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A couple of years ago I was browsing the hidden depths on the internet when discovered excerpts from a fascinating book, it appeared to be a guide to etiquette published in 1875 and written by a woman named, Florence Hartley.

The book has perhaps the longest title I have ever come across:

‘THE LADIES’ BOOK OF ETIQUETTE, AND MANUAL OF POLITENESS;

A COMPLETE HANDBOOK FOR THE USE OF THE LADY IN POLITE SOCIETY

CONTAINING

FULL DIRECTIONS FOR CORRECT MANNERS, DRESS, DEPORTMENT, AND CONVERSATION;
RULES FOR THE DUTIES OF BOTH HOSTESS AND GUEST
IN MORNING RECEPTIONS, DINNER COMPANIES, VISITING, EVENING
PARTIES AND BALLS; A COMPLETE GUIDE FOR LETTER
WRITING AND CARDS OF COMPLIMENT; HINTS
ON MANAGING SERVANTS, ON THE PRESERVATION
OF HEALTH, AND ON ACCOMPLISHMENTS.

AND ALSO

USEFUL RECEIPTS FOR THE COMPLEXION, HAIR, AND WITH HINTS
AND DIRECTIONS FOR THE CARE OF THE WARDROBE’.

Intrigued I tracked the book down (in other words I did a quick successful Amazon search) and had it in my basket before you could say ‘How do you do’.

Its pages are now well thumbed, paragraphs highlighted and sentences underlined. It never sits on a book case for long because I am always getting it out to read experts to friends and family, and window cleaners that are too polite to take the money and run.

This book is an excellent source of entertainment, reflection and wisdom. Some of the advice and offered is completely useless outside of the 1800s polite American society, but many of the principals and values contained are still relevant.

I am quite fond of my growing collection of etiquette books and I thought I might do a little series on some of my favourite quotes and thoughts from my collection starting with the wonderful opening words of Mrs Florence Hartley:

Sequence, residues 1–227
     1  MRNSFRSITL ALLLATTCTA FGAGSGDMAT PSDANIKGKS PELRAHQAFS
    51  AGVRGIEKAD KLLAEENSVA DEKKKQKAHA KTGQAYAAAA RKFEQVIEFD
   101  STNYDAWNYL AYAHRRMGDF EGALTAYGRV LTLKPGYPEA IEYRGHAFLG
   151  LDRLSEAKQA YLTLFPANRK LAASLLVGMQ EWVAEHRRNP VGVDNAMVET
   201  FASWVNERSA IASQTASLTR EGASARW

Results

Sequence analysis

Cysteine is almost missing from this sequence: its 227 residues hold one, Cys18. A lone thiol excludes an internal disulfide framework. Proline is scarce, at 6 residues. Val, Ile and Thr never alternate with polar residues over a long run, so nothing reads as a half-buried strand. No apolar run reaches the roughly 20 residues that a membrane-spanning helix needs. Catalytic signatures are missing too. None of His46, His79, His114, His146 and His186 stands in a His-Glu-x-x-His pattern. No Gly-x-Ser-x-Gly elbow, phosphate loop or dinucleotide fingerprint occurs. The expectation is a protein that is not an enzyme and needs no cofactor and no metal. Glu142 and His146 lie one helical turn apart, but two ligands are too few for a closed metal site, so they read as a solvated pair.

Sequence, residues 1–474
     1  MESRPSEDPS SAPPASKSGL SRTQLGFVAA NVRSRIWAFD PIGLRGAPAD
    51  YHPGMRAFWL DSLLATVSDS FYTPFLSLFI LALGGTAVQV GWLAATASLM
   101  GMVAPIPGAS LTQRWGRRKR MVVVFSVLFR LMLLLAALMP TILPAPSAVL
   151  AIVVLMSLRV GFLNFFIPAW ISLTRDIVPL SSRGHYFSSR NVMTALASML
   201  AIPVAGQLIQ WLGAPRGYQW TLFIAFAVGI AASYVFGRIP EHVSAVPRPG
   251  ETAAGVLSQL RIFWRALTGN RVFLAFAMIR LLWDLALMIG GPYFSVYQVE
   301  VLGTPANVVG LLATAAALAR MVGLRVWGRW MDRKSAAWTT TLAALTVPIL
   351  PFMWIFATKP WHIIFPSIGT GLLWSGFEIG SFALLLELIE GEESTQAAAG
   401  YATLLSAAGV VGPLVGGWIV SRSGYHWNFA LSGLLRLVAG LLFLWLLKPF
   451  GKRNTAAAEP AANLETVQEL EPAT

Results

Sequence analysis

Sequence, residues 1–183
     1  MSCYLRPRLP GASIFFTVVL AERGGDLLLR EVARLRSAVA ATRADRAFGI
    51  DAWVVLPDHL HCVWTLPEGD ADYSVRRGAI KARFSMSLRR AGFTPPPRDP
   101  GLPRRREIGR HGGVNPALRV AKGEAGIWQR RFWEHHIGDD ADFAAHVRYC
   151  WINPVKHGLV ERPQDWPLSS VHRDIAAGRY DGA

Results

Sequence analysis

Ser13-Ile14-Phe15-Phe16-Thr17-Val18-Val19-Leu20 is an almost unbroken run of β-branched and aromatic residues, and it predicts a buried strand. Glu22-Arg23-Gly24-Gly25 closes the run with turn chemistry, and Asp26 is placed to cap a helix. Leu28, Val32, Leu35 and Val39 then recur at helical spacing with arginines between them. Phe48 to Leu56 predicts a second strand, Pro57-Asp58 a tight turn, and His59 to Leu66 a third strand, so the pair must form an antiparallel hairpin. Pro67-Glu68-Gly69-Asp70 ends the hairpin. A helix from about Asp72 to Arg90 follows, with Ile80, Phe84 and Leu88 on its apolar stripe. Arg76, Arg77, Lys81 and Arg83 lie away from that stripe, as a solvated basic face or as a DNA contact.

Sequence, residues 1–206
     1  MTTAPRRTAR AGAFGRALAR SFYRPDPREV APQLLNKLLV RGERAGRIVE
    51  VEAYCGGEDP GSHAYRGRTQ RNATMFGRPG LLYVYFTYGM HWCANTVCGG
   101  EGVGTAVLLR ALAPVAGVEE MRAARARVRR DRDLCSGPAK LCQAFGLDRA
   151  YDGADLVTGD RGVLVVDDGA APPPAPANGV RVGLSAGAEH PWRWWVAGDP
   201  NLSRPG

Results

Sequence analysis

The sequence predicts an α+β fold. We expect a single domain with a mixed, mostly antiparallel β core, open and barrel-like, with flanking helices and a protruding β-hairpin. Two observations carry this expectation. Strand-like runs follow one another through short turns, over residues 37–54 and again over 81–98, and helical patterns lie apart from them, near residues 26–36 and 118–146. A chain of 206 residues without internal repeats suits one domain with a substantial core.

In preparing a book of etiquette for ladies, I would lay down as the first rule, “Do unto others as you would others should do to you.

Isn’t that a perfect place to start? The foundation of all good manners treating others as you would like to be treated. She goes on to explain that if women commit to this rule they will inevitably become polite even if they do not understand or follow all the intricate rules of etiquette.

Politeness is goodness of heart put into daily practice: there can be no true politeness without kindness, purity, singleness of heart, and sensibility.

Politeness is a matter of heart and character more than it is about rules and terms of address. It is about aspiring to virtues rather than the perfect cutlery arrangement. Some people can appear to have impeccable manners and leave you feeling cold, and others might use language that would make a sailor blush but you would never want to miss out on their company.

The difference comes down to that elusive ‘goodness of heart’, I guess that other old saying covers this too; ‘it’s what’s inside, that counts.’ I think this was most excellently summed up by The Mighty Boosh in song format:

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